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Everyday conversations yield Gospel opportunities in Central Asia

Zaza men chat after a wedding celebration. The men often gather and visit throughout the day of the wedding at the home of the groom. The Zaza are a people group who live in Turkey.

CENTRAL ASIA (BP) – Daily conversations hold possibilities for sharing the Gospel, and International Mission Board missionary Josh Oakes is looking for each opportunity.

Small talk about the weather? Oakes will introduce God as the Creator and Sustainer of life.

A comment about politics? Oakes sees an open door to talk about the fallenness of man and our need for a Savior.

Day to day Oakes uses what he calls “Gospel hooks” to start spiritual conversations. Turning quickly to deeper topics, he listens to discern whether someone is searching for truth or closed and uninterested. In this way, he is using the Gospel as a filter to determine where God is working in people’s hearts.

Gospel hooks vary depending on cultures. Missionaries who live and serve among the lost learn the culture and develop long-term relationships with the people. This presence leads to an understanding of how the Gospel can best be shared to a particular people group.

“Different people think about anthropology or factors like age or gender as whether or not this person is going to be interested in the Gospel, but what we have found is what Paul tells us in 2 Corinthians 2:15-17 is the best approach,” Oakes said.

“We want to smell like God, be the aroma of Christ to everyone. For those we smell like life to, then they are going to want to be around us more. When we smell like death, they are going to distance themselves.”

Toward the end of the pandemic, Oakes’ readiness to seize opportunities using Gospel hooks started a spiritual conversation with a man named “Good News.” Names provide a great opportunity in Central Asia for launching into deeper topics, because they usually have special meaning.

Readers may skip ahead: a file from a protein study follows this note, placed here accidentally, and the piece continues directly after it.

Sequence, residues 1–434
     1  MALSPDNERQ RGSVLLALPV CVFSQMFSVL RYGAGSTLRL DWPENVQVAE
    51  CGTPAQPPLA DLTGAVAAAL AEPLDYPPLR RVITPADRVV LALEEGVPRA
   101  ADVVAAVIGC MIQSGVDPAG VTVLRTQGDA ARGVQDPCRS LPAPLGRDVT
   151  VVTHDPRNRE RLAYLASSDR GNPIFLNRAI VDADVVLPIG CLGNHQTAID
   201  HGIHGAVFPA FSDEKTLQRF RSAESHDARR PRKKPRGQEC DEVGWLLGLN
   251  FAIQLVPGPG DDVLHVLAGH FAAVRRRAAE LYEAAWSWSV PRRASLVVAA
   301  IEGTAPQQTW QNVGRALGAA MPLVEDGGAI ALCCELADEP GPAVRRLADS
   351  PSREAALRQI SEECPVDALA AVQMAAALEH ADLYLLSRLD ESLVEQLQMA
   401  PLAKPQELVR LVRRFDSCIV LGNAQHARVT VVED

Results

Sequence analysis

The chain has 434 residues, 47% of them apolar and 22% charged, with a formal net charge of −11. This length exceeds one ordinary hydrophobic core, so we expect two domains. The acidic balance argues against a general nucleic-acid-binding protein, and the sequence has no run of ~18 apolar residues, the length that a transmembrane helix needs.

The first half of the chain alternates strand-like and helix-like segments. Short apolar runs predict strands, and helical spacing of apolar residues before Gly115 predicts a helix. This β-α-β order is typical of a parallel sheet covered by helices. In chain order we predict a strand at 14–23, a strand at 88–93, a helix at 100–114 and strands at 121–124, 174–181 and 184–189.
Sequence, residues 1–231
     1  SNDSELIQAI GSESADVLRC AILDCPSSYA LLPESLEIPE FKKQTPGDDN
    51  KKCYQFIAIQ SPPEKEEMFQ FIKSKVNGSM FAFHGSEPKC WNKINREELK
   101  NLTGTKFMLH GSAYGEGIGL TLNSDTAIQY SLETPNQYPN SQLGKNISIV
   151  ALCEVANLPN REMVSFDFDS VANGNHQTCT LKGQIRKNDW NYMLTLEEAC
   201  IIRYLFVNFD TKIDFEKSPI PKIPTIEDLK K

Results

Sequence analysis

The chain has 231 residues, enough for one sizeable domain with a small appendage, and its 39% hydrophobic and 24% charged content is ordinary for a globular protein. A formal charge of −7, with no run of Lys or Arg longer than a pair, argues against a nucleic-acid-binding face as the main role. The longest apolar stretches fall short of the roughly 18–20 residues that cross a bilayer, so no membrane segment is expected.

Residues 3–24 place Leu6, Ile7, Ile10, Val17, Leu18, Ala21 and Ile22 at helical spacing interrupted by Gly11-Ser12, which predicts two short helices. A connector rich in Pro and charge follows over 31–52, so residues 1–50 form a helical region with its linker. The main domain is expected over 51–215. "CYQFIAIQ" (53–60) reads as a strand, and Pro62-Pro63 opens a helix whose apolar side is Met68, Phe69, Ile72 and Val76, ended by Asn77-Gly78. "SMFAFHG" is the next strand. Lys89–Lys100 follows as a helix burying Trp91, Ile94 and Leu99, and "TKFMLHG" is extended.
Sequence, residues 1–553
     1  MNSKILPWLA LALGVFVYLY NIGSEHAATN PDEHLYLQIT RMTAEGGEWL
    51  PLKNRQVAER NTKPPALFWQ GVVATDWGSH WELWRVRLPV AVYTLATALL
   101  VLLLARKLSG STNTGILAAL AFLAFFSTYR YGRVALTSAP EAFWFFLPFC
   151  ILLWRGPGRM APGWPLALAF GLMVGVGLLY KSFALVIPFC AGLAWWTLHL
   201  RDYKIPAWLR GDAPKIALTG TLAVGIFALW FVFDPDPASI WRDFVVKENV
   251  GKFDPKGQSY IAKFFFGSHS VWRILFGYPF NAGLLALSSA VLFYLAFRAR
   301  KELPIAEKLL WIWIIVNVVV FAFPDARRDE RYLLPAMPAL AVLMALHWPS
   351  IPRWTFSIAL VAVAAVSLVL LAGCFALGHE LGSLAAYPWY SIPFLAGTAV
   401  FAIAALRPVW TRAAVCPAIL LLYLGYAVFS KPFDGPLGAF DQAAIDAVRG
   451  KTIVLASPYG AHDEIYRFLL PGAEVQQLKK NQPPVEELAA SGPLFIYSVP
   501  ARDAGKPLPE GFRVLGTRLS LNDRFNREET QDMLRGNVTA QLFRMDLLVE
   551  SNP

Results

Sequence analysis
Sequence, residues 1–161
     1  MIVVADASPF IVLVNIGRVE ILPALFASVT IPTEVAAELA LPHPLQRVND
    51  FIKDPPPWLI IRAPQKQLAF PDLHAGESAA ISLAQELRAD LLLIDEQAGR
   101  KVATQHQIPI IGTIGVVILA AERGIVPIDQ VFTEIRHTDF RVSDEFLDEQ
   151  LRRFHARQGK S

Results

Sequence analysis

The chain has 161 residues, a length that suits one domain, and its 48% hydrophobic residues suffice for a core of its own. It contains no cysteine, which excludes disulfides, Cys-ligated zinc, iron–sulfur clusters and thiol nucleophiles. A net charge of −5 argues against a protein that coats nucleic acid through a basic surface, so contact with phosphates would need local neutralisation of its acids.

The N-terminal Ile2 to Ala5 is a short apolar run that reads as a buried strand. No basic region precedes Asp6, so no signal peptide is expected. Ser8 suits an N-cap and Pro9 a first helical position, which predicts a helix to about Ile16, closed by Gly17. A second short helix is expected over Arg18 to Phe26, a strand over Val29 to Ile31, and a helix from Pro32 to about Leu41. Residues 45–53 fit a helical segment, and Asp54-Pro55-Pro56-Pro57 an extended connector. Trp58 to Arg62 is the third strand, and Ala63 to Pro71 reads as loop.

Oakes began telling the man that “Gospel” translates to “good news” – the term Christians use for describing the gift Jesus gives to us. Meanwhile, two more men walked into the room. The first man’s name was Abraham, and the second man’s name meant “salvation.”

“I laughed and told them that it seemed like God was wanting me to share something very important with all of them,” he said.

The men seemed interested, so Oakes explained the meaning of their names. Their names reminded him of the good news that a descendant of Abraham came to earth, providing salvation for the world by giving His life as a sacrifice for sin.

At just that moment, a man named Hussein walked in the door.

“I froze and told the other men in the room that Hussein was an Arabic name so I didn’t know what it meant,” Oakes said. “They laughed and said they didn’t know if it connected with the message I was sharing with them or not.”

Hussein looked confused, but then he turned to the man named Good News and said that he had come to this office because Isa (the Arabic rendering of “Jesus” and a common name in Central Asia) had sent him.

“The men in the room then all looked at me surprised. Isa had told Hussein to go to the office of ‘Good News’ to ask a question while Abraham and ‘Salvation’ were there hearing the Gospel!” Oakes explained.

While none of the men immediately responded to the Gospel message, Oakes believes God orchestrated these events.

“Five men heard the gospel that day, and one of them asked if we could exchange phone numbers. Praise the Lord!” Oakes said.

Leading a team in evangelism and church planting, Oakes encourages his coworkers to be ready at any moment for opportunities to talk about Jesus. He believes the more they speak of Him, the more readily they will be able to discern where to invest in deeper relationships.

“Time is our most valuable resource, so we want to be intentional to engage in these spiritual conversations,” Oakes said.

Josh Oakes’ name has been changed for security reasons.